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The Unmaking of the Middle East

A History of Western Disorder in Arab Lands

Jeremy Salt (Author)

Available worldwide

Paperback, 480 pages
ISBN: 9780520261709
November 2009
$34.95, £24.95
Written for those who want to know more about the Middle East than the mainstream media is willing or able to tell, this book begins by examining a question that has been asked by numerous commentators since September 11, 2001: “Why do they hate us?" Jeremy Salt offers the background essential for understanding the Middle East today by chronicling the long and bloody history of Western intervention in Arab lands. In lucid detail, he examines the major events that have shaped the region—ranging from the French in Algeria and the British in Egypt in the nineteenth century to the Palestinian-Israeli conflict and to the continuing war in Iraq. Linking all of these together, Salt paints a damning picture of a sustained campaign by Western powers to dominate the Middle East by whatever means necessary. Throughout, he emphasizes the human cost of the policies put in place to preserve "Western interests" or in the name of bringing civilization, democracy, or freedom to the region. Making use of extensive research in U.S. and British archives that reveals what politicians were deciding behind closed doors, and why, this is a book that will change the way we see the Middle East.

1. Civilization and Its Contradictions
2. Science and Barbarism

3. Ottoman Breakdown
4. Exit the Sharif
5. Small Wars in Iraq
6. Double Colonialism in Palestine
7. Civil War along the Potomac

8. The “Tripartite Aggression”
9. My Enemy's Special Friend
10: LBJ's Other War
11. Disabling Lebanon

12 . Into the Gulf
13. George the Son
14. The Long Campaign

Jeremy Salt teaches in the Department of Political Science at Bilkent University in Ankara and is author of Imperialism, Evangelism, and the Ottoman Armenians, 1878-1896.
“A blistering, well-documented Philippic that will provide considerable sources for reflection and should be mandatory reading for all Western policy makers, academics and intelligent lay public thinking about yet another invasion of any Middle Eastern state. . . . Salt offers a necessary diatribe about how the West too often has spoken idealistically while performing brutally in the Middle East.”—Cookeville Herald-Citizen
“A general history that will give newspaper readers an alternative account of the major political events in the modern Middle East.”—The Historian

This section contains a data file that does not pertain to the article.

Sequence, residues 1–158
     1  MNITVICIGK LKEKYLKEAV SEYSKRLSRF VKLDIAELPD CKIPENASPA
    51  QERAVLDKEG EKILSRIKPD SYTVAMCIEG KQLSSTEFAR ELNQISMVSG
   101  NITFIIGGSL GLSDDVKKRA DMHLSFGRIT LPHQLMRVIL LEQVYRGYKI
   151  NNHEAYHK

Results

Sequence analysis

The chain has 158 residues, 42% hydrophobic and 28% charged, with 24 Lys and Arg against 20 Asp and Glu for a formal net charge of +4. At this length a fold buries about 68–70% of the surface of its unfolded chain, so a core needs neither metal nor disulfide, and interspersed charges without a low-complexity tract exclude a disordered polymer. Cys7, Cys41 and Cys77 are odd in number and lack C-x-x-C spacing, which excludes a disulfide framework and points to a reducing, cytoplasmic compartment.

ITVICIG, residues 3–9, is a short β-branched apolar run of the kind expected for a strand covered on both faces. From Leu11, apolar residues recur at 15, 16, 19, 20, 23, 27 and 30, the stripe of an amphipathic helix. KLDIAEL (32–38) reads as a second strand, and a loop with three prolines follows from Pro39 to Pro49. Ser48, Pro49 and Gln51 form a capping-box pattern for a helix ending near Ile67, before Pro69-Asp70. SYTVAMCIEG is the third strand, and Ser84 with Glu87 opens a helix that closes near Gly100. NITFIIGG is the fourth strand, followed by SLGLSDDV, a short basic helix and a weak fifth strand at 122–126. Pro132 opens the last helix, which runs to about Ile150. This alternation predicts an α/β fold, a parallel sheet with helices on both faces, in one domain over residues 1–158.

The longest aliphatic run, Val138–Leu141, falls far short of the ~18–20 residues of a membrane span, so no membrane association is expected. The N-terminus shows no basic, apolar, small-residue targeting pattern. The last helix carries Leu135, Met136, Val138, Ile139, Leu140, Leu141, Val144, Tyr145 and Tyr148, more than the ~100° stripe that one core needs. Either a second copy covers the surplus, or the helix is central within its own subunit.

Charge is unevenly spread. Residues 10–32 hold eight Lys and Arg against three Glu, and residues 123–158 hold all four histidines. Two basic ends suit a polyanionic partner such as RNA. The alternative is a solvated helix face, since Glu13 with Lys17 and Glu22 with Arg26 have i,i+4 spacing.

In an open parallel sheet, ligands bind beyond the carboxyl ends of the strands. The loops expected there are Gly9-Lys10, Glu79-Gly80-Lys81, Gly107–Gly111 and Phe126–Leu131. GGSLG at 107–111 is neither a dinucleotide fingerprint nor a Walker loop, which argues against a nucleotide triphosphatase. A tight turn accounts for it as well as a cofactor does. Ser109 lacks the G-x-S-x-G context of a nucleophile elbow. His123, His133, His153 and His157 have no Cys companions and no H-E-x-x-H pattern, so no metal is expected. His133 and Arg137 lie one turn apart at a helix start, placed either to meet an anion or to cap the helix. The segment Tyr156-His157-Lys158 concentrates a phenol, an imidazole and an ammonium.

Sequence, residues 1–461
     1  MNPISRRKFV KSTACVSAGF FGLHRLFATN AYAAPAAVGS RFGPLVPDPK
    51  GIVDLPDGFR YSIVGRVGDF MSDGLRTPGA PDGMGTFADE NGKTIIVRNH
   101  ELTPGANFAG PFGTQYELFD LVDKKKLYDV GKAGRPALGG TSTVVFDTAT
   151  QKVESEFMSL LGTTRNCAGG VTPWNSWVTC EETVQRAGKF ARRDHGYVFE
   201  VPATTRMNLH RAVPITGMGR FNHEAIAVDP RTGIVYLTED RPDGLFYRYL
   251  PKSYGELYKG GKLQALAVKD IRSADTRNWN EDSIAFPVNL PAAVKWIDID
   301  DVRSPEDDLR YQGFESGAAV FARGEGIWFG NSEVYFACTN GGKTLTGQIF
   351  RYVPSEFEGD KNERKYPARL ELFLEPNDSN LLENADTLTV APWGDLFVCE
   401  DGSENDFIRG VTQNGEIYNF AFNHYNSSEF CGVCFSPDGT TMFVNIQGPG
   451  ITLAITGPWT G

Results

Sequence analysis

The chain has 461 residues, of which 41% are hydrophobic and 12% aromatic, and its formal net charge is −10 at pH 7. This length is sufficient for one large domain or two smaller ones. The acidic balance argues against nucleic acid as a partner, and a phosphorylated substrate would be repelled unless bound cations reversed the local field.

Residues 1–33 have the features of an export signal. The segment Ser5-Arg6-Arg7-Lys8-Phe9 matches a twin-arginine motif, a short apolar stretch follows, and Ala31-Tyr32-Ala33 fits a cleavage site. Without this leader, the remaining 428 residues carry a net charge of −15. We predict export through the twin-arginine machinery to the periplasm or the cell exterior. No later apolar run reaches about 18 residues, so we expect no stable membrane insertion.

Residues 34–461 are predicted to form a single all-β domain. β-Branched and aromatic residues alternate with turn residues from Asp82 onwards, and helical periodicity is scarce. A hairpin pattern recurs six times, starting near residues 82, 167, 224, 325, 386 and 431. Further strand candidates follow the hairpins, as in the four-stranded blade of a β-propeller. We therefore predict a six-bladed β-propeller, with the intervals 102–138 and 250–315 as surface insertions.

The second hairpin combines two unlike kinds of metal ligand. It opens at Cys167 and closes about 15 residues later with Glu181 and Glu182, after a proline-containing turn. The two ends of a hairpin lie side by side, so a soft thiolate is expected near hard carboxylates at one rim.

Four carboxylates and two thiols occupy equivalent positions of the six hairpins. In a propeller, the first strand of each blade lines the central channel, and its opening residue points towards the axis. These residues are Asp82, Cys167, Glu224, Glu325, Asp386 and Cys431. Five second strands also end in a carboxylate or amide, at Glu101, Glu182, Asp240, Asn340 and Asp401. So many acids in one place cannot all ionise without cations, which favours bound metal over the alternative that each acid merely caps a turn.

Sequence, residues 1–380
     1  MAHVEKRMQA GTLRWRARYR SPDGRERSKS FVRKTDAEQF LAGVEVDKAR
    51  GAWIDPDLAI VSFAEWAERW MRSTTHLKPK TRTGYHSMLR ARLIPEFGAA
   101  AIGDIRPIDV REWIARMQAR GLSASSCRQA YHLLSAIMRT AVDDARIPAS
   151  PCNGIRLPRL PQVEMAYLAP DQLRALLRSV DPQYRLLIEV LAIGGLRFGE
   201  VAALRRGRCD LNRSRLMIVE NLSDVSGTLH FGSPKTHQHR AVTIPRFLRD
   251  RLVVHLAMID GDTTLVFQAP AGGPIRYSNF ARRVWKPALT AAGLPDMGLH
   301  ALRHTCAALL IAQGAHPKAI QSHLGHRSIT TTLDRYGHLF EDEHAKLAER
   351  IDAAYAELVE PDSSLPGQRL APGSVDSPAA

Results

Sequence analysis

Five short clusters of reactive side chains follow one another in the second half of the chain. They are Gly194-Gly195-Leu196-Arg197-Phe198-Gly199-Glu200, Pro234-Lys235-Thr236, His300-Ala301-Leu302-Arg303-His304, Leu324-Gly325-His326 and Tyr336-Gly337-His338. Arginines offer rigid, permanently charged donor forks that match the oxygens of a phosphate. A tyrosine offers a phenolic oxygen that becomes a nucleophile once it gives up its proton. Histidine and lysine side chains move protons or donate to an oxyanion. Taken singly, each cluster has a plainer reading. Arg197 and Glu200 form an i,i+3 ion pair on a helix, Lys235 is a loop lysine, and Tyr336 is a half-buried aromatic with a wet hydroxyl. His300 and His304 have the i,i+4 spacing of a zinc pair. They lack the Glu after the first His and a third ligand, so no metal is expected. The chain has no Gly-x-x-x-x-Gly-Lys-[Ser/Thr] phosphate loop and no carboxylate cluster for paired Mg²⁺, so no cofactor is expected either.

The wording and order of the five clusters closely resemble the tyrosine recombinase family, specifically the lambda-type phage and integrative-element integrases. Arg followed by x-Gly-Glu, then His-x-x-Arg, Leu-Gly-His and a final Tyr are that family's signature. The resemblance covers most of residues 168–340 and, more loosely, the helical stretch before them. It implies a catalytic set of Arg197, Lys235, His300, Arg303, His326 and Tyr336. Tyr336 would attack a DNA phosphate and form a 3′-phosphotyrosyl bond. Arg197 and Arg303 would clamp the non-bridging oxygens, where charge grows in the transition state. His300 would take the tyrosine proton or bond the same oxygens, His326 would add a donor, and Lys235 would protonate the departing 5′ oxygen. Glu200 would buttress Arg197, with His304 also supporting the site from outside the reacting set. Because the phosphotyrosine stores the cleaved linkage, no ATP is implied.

"Devastating in its portrayal of the depths to which the West (France, Britain, and the US especially) sank in conquering the Middle East. Starting off with Huntington's quote about 'Islam's bloody borders,' Salt argues that it was the West that made these borders bloody, though in the process it had no trouble finding native accomplices who helped, wittingly or not."—Mehran Kamrava, author of The Modern Middle East

"This will be of much use to general readers who are ill-served by the preponderance of books in the marketplace that explain political events by recourse to stereotypical representations of 'Arabs' and 'Islam,' while neglecting important historical events that define current political and social reality in the region. None of the general history books on the Middle East offer comparable comprehensive details."—Joseph A. Massad, author of Desiring Arabs

"This excellent book is comprehensive in scope, scholarly and yet highly readable. Focusing on the damaging role of western policy in the Middle East, well exemplified in the current debacle in Iraq. It will be essential reading for students and historians of the region."—Ghada Karmi, author of Married to Another Man: Israel's Dilemma in Palestine

"Salt makes it abundantly clear that when it comes to the Middle East, 'the West' talks idealistically and acts brutally. This excellent book should be required reading for future American policymakers thinking about invading another Arab or Islamic country."—John J. Mearsheimer, R. Wendell Harrison Distinguished Service Professor of Political Science at the University of Chicago

Finalist for the Arthur Ross Book Award, Council on Foreign Relations

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